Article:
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The seven words to rule them all

Geoff Lazberger | Nov. 29, 2013
When I assumed the position of CIO for the first time a number of years ago, I found the role alluring, intellectually seductive, completely compelling and engaging, and my absolute passion.

When I assumed the position of CIO for the first time a number of years ago, I found the role alluring, intellectually seductive, completely compelling and engaging, and my absolute passion.

Along with the myriad issues incessantly crying out to be addressed from an infrastructural and informational perspective, the company I worked for was growing at a frenetic pace and acquiring other companies at a ferocious rate. These companies were spread across a range of different business sectors so my "customer" population (the internal users within the businesses who used technology to run the many parts of the conglomerate) was varied and had very diverse needs.

No two days were the same, no script existed on what to do next. Brilliant!

One of the challenges to get on top of quickly was to ensure the IT and IS environments were "controlled" in the sense there were not boundless numbers of disparate software packages and hardware devices scattered throughout the business environment. Because, as I kept telling the team, whatever we built we also had to maintain and support. The more software packages and hardware configurations in our environment, the more expensive, time consuming and risky this was to manage with our minimal resources. But making sure we had practical levels of software and hardware in place to support the business was a task much easier said than done. (Nowadays, with the move to BYOD environments, this is even more of a challenge.)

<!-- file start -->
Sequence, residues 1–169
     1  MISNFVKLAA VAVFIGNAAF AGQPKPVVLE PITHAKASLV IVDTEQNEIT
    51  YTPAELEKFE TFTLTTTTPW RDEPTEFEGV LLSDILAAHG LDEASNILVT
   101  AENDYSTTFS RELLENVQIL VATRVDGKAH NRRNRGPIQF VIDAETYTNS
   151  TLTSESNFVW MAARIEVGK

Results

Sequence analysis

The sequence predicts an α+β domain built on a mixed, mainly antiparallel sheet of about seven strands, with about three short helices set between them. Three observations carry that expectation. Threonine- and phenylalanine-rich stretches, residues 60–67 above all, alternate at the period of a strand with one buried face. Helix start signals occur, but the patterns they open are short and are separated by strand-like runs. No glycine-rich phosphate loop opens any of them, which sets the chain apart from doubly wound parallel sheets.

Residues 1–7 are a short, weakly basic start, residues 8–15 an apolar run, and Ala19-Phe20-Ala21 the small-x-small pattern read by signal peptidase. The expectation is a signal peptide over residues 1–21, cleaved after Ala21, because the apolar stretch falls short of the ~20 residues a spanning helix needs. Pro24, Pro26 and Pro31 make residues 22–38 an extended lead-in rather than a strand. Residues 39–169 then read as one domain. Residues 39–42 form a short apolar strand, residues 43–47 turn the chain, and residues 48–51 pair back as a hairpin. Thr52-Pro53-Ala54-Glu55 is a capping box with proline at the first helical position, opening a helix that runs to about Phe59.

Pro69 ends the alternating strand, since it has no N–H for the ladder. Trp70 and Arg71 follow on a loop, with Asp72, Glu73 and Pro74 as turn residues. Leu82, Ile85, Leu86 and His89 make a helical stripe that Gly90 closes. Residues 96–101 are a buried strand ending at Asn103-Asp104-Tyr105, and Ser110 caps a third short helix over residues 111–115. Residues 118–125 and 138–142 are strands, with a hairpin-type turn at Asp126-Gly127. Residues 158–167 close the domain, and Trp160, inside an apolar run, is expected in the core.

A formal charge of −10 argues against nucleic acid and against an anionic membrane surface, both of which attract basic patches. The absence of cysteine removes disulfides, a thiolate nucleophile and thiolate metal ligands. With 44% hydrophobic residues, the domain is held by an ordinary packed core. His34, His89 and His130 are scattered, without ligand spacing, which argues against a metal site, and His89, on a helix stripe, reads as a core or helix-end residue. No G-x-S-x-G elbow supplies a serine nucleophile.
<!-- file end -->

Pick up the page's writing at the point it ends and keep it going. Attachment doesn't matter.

In an attempt to provide guidance to the helpdesk and IT department, I mentored the IT team to move away from their existing model based on customer "want" to one based on customer "need".

The more people who use this question in their dealings, the better and more effective meetings and IT execution in general will become.

That is, with the key purpose of IT within an organisation being to enable the business strategy and help the organisation become the business it needs to become, we would see our role as understanding and delivering what the customer "needed" to do their job, not just what they "wanted".

My initial thoughts were this mindset shift would move us from being a business where there was a constant demand from users for more different IT software and hardware systems (want) to one more constrained and balanced (need).

How wrong I was!

Eureka moment

Nothing changed. In fact, things became even worse as everyone "needed" to do something, or something different to everyone else.

This surprised me and for a while had me stumped. I was way off course. So I went back to my metaphorical drawing board to muse on a better approach. Then, after much pondering and thinking through why things were happening the way they were and trying to get inside my internal customers heads, it suddenly struck me -- these people were all trying to do certain things for a reason, right?

 

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